8.1        Challenges.


Dr Kitsanamy reported that one of the challenges was providing transport for ex-mine workers who often live in the rural areas, far from Mthatha.  TEBA was not coming upfront to provide the data needed for ex mine workers to substantiate their claims. In many cases no record of service can be found and TEBA wants to be paid before releasing the records of ex-mine workers.

The small structure of the centre is not adequate. They need the assistance of the Portfolio Committee to outsource the fund to extend the facility. The issue of the business plan was reported as one of the challenges. Costs have to be absorbed by the hospital. He would like the business plan to go through and support the services. The one stop service centres are linked to the development agenda for the country and also to the Presidential initiatives around distressed mining towns.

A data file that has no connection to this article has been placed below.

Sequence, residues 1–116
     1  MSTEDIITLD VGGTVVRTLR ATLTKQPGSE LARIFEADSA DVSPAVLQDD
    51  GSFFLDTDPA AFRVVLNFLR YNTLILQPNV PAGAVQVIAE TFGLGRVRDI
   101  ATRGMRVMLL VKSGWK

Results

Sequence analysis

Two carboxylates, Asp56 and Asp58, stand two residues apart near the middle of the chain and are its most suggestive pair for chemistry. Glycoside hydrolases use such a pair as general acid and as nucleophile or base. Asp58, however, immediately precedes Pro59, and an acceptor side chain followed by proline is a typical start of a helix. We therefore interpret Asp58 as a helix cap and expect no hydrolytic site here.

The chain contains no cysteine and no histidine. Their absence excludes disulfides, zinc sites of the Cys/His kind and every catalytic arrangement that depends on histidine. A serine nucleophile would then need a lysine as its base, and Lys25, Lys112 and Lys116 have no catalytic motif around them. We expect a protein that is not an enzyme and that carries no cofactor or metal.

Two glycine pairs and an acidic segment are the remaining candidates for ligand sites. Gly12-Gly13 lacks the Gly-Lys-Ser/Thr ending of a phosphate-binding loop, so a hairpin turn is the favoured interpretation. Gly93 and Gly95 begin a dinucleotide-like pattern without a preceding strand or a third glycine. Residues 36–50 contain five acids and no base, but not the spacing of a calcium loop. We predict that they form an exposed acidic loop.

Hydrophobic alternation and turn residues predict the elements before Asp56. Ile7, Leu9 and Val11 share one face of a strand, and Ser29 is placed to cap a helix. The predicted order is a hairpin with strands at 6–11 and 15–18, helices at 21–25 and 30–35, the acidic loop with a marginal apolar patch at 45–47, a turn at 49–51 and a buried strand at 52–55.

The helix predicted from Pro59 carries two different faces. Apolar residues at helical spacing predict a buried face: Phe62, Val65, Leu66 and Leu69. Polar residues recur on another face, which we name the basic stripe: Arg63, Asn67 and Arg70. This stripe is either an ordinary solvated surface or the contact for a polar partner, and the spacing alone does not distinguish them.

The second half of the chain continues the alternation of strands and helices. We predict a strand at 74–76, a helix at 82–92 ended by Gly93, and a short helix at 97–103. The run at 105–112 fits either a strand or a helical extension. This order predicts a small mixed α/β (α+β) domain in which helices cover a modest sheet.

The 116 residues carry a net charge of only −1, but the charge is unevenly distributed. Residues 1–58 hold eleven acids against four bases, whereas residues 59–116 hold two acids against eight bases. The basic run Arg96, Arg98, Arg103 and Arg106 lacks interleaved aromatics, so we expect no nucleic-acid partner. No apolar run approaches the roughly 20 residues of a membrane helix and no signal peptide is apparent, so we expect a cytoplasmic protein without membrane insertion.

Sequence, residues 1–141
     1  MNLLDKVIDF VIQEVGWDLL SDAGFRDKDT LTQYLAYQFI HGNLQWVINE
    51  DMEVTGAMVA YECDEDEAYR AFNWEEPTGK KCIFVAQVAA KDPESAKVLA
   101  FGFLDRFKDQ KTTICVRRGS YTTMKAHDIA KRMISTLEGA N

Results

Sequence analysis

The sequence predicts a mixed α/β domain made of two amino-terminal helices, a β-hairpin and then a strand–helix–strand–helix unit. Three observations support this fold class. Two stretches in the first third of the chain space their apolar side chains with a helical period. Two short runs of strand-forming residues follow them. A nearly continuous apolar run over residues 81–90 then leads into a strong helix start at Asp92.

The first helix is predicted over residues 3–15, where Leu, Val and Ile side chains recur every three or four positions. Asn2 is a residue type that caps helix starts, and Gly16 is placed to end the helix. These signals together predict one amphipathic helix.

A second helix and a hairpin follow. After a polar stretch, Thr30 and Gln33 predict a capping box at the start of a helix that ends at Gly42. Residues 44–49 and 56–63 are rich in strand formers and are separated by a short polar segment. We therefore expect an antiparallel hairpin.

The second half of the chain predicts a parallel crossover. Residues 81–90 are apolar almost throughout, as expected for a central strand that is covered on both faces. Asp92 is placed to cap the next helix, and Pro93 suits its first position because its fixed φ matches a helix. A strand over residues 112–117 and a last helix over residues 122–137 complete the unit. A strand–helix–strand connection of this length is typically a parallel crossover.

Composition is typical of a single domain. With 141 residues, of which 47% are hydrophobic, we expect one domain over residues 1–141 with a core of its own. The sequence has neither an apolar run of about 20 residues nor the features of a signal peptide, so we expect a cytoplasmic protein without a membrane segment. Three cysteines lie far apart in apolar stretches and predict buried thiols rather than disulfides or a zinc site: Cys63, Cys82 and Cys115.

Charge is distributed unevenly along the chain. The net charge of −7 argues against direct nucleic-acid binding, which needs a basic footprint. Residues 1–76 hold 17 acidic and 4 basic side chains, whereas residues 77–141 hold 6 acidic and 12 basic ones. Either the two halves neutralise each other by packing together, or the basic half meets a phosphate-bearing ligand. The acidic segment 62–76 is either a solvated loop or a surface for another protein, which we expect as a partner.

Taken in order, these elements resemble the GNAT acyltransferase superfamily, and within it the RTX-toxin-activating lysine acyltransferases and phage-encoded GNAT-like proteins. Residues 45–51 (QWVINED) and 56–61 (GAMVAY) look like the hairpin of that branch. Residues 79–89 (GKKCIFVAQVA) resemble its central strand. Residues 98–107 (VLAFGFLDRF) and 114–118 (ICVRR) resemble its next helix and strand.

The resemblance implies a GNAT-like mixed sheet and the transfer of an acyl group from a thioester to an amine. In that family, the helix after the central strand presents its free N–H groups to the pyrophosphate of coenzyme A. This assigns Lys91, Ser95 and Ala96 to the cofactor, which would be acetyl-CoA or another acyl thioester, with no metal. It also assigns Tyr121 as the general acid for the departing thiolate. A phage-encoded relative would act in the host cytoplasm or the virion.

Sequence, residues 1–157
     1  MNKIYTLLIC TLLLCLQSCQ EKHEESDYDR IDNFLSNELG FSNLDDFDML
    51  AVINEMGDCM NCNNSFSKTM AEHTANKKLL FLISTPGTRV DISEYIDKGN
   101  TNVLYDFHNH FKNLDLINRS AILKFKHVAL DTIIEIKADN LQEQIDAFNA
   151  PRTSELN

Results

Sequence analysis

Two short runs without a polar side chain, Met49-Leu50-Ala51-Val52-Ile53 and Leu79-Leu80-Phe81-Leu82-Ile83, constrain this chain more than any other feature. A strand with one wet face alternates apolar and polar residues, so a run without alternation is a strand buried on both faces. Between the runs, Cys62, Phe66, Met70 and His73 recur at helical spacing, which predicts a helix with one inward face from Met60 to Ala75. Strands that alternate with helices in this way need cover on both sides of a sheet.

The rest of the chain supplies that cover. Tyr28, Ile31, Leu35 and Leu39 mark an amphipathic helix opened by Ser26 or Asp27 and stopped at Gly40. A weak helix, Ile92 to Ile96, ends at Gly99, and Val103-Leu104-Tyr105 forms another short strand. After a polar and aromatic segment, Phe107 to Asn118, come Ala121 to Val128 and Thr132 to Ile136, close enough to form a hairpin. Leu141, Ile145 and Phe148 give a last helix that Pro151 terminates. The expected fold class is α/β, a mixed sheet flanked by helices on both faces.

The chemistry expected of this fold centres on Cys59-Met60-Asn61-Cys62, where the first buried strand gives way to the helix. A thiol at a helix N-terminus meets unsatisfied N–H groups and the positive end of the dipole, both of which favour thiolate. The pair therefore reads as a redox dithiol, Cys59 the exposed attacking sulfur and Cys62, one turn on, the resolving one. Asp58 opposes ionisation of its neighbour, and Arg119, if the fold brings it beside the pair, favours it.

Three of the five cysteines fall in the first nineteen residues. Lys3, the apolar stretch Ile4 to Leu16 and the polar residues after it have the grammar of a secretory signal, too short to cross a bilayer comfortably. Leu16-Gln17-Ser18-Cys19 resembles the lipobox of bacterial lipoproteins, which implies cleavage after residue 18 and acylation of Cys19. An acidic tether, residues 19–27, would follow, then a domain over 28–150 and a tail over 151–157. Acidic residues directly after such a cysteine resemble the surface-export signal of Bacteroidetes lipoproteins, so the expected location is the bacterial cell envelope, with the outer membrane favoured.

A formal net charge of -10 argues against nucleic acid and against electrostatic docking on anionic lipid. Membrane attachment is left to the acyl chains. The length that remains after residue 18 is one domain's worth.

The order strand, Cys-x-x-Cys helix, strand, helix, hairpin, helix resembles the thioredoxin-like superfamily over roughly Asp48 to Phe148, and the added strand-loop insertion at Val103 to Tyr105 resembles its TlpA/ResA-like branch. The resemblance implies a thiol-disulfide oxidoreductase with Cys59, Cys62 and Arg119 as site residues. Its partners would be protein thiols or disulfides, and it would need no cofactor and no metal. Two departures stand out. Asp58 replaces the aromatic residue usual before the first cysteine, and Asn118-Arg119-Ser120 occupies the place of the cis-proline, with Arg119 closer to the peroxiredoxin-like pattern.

8.2        One stop quarterly reports


Ms Nobantu Gongxoza presented the quarterly reports for 2014-2015. The One stop Service is within the Nelson Mandela Academic Hospital premises which is situated in Mthatha. The Hospital is a 528 bed hospital which renders tertiary services. The hospital is attached to Walter Sisulu University (i.e. medical school) and Lilitha College of Nursing. Nelson Mandela Academic Hospital which is in the Eastern part of the Eastern Cape serves about 2.6 million people according to the drainage area with Districts of Oliver Tambo, Alfred Nzo, Amathole, Chris Hani and Joe Gqabi districts which are mainly rural and some peri-urban areas with the economic hub at Mthatha.